2. It does sound like a good day with all three horses. I'm sure with their treatments Drifter and Pie will start feeling better soon. Fingers crossed for all of you.

  3. You and your horses are truly amazing!
    Hopefully the treatment will get you boys back to normal. Isn't it something that all this can be going on in their bodies and they are still able to carry on. Please keep us posted. We all care about them.

  4. I'll be thinking of you and your horses - best of luck with the treatment.

  5. Levamisole is fascinating stuff. We used it years ago to treat our horses for what appeared to be heaves. (Ultimately some question as to exactly what was going on....) The drug was then just a sheep wormer. It triggered a change in the immune/allergy reactions and cured both horses.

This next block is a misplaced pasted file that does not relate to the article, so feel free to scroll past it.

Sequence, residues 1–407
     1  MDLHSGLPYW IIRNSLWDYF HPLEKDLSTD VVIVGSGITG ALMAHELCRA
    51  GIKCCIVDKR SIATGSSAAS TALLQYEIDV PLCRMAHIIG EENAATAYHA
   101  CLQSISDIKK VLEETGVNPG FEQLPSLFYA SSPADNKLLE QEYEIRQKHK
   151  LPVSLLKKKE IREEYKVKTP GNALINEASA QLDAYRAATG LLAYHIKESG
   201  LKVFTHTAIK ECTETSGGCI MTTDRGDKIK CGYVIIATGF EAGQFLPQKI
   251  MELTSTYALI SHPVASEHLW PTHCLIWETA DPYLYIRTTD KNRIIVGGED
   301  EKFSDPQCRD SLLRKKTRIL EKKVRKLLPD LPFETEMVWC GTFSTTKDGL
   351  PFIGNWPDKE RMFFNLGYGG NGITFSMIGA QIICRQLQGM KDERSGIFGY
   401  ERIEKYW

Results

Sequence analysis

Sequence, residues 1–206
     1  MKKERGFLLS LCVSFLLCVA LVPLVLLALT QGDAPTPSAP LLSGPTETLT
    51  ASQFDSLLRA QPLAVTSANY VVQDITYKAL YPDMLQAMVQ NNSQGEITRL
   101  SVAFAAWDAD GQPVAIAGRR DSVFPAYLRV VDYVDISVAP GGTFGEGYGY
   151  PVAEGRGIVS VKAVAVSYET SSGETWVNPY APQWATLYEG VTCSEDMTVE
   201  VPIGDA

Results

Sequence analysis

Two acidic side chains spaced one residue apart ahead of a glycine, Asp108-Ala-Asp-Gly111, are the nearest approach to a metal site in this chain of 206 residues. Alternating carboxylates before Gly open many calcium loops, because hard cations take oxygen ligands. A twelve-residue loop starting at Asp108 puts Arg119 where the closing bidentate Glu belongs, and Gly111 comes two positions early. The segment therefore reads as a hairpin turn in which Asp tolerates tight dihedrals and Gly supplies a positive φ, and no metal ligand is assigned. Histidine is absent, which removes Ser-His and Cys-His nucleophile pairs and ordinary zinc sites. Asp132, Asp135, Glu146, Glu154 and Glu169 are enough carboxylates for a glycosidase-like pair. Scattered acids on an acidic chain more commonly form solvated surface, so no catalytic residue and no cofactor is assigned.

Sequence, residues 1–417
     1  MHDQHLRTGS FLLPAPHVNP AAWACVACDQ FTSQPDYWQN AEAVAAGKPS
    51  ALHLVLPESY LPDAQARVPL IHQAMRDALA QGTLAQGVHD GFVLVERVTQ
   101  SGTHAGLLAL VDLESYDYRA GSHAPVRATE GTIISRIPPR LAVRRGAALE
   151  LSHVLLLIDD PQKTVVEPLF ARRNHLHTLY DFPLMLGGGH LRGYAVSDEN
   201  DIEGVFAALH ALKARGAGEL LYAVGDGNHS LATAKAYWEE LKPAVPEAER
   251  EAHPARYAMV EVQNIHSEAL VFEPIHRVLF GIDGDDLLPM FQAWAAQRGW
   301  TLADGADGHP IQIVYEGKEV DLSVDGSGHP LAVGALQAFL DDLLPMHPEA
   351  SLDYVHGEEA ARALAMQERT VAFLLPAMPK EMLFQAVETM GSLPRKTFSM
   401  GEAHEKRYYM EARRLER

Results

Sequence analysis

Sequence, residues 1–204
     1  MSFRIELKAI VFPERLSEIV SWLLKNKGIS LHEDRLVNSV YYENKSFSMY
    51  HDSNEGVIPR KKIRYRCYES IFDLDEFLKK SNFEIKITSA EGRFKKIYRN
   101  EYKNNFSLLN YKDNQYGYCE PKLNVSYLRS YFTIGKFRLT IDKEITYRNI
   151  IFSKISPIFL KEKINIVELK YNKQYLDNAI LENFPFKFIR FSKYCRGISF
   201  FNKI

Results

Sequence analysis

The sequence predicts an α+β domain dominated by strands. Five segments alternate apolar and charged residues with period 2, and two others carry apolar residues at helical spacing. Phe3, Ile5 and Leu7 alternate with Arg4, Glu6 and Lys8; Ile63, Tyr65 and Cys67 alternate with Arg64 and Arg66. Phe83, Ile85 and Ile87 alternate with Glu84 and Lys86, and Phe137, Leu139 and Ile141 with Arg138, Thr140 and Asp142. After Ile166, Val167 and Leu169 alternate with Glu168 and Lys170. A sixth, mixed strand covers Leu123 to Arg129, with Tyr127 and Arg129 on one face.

Since then, it has been used experimentally with AIDS treatment as well. I will be very interested to find out more about its impact on EPM.

    Wishing you well and speedy recoveries for your sweet boys.

  6. Hooray for barefoot Dawn. I'd love to see some pictures of her hooves. I hope the treatment goes well for the boys, as well.